48 West Sharon Road, Glendale, OH 45246
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FRIDAY OF THE SIXTH WEEK OF EASTER — MAY 22, 2020

Categories: Daily Banner Tweet

 

Mass as Saint Gabriel to resume on Monday, Memorial Day, May 25th
Sorry not Sunday, 24th

Mass Schedule change beginning Monday, May 25th

 

The change is necessary because we must provide a safe and healthy environment for Mass participants as we work our way back to our regular schedule. To do so we have to practice “distancing” and a simplified Mass service. We, as all other churches of the Archdiocese, have had to rope off about half of our pews. This greatly reduces the number of persons attending Mass. You are already aware of the limited number of shoppers in a store at a given time. Since most churches could not accommodate all of the usual number of Sunday attendees our bishops have extended the obligation of worshipping God through Mass to all seven days of the week. That is the reason for the drastic new Mass schedule below.

 

Here are our temporary Mass times beginning Monday – May 25th.

Monday, Wednesday, Friday — 12:00 PM noon;
Tuesday, Thursday, Saturday — 8:00 AM;
Sunday — 5:00 PM Vigil on Saturday evening and 10:00 AM Sunday morning.

Please find a time other than Sunday to fulfill your obligation of worship. This may mean a major change in your routine but find comfort in the fact that you are doing it out of love and concern for others

 

All this information has been and still is on our official website and was sent to you by regular mail (which I am told has not reached everyone). You will find the Resumption of Mass Letter on our official website www.gabrielglendale.org. The Letter is linked on the Archives at the bottom of the Blog Page (bottom of the homepage across from the daily scriptures).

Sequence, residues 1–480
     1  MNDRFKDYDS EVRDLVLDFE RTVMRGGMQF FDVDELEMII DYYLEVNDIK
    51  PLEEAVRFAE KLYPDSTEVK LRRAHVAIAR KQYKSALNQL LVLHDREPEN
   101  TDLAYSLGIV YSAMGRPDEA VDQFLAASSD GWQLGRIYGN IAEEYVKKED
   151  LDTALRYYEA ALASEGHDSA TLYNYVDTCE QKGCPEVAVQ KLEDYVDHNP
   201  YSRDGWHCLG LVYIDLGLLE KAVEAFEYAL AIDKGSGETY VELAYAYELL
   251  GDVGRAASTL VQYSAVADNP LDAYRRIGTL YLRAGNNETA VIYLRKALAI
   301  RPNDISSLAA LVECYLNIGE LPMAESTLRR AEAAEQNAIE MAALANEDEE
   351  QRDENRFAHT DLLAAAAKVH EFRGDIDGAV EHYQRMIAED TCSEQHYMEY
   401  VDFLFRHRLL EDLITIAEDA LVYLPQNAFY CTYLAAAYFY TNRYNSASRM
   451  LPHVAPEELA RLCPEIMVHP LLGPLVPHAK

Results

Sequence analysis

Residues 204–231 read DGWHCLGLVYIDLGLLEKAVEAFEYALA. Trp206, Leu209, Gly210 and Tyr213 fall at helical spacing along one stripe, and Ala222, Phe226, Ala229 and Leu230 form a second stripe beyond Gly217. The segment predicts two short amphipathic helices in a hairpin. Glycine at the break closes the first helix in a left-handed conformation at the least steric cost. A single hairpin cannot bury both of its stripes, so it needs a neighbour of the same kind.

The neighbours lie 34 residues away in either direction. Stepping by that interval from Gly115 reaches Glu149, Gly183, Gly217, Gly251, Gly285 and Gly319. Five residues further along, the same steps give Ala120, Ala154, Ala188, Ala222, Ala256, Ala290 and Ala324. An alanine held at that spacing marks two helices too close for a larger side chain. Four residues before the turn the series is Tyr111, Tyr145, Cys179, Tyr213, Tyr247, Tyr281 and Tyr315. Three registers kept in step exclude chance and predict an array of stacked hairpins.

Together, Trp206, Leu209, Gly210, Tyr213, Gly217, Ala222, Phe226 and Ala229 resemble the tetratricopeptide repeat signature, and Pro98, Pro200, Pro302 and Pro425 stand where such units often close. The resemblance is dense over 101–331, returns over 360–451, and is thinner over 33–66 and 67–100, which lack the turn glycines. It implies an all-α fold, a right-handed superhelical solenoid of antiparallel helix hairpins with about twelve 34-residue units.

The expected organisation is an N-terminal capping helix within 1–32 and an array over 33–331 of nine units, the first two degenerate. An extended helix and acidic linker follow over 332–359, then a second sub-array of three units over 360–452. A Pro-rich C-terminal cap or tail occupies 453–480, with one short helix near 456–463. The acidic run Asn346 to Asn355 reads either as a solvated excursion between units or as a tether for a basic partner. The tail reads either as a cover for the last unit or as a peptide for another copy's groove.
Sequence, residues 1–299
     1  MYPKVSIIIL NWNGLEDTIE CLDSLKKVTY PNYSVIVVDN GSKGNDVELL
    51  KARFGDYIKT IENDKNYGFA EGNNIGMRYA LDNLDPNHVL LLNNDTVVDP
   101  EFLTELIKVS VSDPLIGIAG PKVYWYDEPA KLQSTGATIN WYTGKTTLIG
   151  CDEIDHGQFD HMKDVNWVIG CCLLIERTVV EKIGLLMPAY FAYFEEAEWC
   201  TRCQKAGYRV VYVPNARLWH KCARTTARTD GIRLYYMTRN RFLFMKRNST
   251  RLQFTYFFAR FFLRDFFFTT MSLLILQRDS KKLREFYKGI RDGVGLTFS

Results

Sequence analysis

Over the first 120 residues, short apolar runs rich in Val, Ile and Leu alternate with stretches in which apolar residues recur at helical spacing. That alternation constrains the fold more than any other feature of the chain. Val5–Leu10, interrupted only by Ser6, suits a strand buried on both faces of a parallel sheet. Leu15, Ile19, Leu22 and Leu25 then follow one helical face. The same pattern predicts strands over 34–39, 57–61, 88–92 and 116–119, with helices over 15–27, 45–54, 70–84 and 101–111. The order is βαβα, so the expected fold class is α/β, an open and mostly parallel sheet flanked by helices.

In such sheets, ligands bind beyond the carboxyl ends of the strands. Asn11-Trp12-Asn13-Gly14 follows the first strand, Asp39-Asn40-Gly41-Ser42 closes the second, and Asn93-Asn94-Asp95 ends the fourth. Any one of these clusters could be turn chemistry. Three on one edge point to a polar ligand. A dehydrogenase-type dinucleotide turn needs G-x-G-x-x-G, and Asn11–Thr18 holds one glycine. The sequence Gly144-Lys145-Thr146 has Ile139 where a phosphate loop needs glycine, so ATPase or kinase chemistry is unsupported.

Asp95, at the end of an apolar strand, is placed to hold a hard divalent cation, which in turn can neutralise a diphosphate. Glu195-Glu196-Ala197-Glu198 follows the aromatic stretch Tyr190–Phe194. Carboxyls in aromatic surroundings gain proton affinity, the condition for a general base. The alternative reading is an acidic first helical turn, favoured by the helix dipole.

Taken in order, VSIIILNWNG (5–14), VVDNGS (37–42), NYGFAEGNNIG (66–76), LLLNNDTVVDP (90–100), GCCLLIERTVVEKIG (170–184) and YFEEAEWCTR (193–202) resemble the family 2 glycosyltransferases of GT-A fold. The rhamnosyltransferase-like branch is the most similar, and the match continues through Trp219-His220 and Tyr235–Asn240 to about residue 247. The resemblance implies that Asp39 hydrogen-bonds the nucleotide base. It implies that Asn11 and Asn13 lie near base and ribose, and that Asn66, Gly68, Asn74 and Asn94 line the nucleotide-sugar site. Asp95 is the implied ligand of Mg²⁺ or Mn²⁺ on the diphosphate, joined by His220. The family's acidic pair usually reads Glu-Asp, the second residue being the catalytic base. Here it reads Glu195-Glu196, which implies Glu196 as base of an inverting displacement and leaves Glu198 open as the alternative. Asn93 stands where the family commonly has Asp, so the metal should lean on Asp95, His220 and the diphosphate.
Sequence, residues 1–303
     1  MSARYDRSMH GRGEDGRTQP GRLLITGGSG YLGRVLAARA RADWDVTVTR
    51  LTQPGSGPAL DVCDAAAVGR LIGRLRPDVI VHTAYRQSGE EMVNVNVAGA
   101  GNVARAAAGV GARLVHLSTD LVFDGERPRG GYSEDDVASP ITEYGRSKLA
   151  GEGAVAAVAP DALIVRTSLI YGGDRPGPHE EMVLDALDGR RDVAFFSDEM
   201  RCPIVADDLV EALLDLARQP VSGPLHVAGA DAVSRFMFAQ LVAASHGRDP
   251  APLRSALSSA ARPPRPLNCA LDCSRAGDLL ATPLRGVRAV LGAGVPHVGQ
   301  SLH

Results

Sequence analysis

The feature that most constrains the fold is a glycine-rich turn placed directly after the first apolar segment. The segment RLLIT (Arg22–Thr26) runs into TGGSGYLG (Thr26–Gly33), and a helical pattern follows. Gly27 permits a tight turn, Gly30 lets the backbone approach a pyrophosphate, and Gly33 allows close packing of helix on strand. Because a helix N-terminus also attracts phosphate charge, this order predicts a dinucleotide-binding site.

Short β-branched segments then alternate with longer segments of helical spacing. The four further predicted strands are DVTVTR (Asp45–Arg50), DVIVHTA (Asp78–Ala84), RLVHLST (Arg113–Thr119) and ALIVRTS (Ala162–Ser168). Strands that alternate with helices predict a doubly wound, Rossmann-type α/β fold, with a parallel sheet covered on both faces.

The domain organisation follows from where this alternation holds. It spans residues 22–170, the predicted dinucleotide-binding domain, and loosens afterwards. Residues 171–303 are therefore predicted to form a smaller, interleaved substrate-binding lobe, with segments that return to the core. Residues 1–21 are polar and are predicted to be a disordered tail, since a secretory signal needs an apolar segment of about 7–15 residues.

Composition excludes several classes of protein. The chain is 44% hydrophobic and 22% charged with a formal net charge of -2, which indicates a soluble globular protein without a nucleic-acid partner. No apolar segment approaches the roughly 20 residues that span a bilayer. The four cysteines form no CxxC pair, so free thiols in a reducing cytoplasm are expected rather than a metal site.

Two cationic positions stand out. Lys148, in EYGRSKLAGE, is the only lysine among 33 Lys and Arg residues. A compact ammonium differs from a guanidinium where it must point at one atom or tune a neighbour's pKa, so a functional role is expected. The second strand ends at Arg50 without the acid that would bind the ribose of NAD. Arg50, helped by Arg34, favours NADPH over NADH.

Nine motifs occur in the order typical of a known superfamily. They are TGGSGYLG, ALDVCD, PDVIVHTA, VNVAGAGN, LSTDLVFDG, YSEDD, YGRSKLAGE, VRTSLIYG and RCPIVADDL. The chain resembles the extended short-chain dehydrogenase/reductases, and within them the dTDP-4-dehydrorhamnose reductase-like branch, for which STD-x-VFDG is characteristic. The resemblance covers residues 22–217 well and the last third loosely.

Please share this information with family and friends.

 

Now for something completely new (at least in part)

 

So here are some initial faith questions that face us as we return to Mass. Attached are a few comments to help us to explore these areas with the hope that we shall come out ahead in our understanding of the faith and why we do what we do. God is behind this to bless us more.

First Big Question:

How will switching our Eucharist to another day of the week beside Sunday not only impact our going to Mass but also how will it affect our daily routine, e.g. work, household chores, our preparation for the Eucharist, how we live out our worship of God, how we pray?

Some comments: It is to God’s credit and the gift of faith he has given us that the Lord’s Day means so much to us. Our habit of Sunday Mass is so ingrained in us that we have felt an emptiness when it was not opened to us.

So how did it affect our work? Did we observe work days different from worship days? Did we distinguish servile work from time spent for God?

So how did it affect our routine around the house? Were there special meals to honor God? Did we still come together as a family and spend time together?

So how was our preparation Mass different? Did we put more time into reading and meditating on the scriptures? Were religious subjects more a part of family conversations?

So how did we live out in our daily lives what we usually “took home” from Mass?

So how was our personal prayer changed? Or was it? Did we change our routine and explore other ways of conversation with God?

 

Second Big Question:

How will our return to “live worship in person” make us and our worship more pleasing to God?